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Updated from 1:16 p.m. EDT

Crude oil prices jumped Wednesday after two closely watched reports on weekly inventories showed another decline.

The benchmark U.S. crude closed up $1.59, or 3.4%, at $48.35 -- about a dollar shy of its record high -- in regular floor trading on the New York Mercantile Exchange. Effective today, the focus of trading shifts to the November futures contract. The October contract expired on Tuesday, having gained ground in four straight sessions largely because of reductions in Gulf of Mexico production in the wake of Hurricane Ivan.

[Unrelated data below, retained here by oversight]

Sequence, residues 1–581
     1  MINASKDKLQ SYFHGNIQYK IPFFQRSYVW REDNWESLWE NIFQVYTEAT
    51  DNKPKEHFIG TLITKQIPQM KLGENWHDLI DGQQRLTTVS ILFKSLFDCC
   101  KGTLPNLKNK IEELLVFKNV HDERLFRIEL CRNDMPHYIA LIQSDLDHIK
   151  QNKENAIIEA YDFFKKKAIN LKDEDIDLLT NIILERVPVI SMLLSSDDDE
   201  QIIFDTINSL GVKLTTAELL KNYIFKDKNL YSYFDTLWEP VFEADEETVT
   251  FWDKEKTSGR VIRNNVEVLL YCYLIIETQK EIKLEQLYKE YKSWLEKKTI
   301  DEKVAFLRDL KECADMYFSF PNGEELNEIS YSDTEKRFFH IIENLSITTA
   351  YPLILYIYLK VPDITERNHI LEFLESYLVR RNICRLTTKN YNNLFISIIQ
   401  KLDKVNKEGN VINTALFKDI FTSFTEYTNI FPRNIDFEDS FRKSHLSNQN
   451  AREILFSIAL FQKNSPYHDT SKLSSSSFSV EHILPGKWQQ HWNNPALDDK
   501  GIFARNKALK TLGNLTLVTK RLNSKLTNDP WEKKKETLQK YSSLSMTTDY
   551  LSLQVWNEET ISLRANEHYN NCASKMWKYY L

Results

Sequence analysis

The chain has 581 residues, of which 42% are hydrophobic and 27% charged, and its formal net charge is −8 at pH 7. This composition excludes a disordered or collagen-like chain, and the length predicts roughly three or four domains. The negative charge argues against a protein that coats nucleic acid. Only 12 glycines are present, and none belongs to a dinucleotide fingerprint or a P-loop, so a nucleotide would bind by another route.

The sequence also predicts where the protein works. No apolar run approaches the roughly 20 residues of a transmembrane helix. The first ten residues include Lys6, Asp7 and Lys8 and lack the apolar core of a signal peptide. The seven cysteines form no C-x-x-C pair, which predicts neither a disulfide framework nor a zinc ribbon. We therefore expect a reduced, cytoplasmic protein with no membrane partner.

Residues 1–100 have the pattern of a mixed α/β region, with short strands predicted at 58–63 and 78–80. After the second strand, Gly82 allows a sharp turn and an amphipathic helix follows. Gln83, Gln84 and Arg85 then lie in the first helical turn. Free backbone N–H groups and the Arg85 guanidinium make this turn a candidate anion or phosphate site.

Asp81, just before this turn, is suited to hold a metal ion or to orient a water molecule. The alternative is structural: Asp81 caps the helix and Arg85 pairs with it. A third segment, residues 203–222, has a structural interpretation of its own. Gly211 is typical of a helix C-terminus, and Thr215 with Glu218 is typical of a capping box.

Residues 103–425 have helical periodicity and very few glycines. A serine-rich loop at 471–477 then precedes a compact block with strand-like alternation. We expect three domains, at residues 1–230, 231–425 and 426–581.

Both the American Petroleum Institute and the Department of Energy are reported that U.S. stockpiles fell again in the most recent week, reflecting the impact of Hurricane Ivan. Data last week put inventories at a five-month low.

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Prices are back at late August levels, after a steep 15% correction. Prices routinely hit record highs in the first three weeks of the month, when prices rose almost 20% and hit a record intraday high of $49.40 on Aug. 20.

The latest gains in crude prices come despite the Organization of Petroleum Exporting Countries' decision last Wednesday to increase its official production ceiling another 1 million barrels a day, or about 4%. The increase, following two previous ones earlier in the summer totaling 2.5 million barrels a day, puts the cartel's output level at 27 million barrels a day. Given chronic cheating on individual quotas, the increase in the ceiling is largely symbolic.

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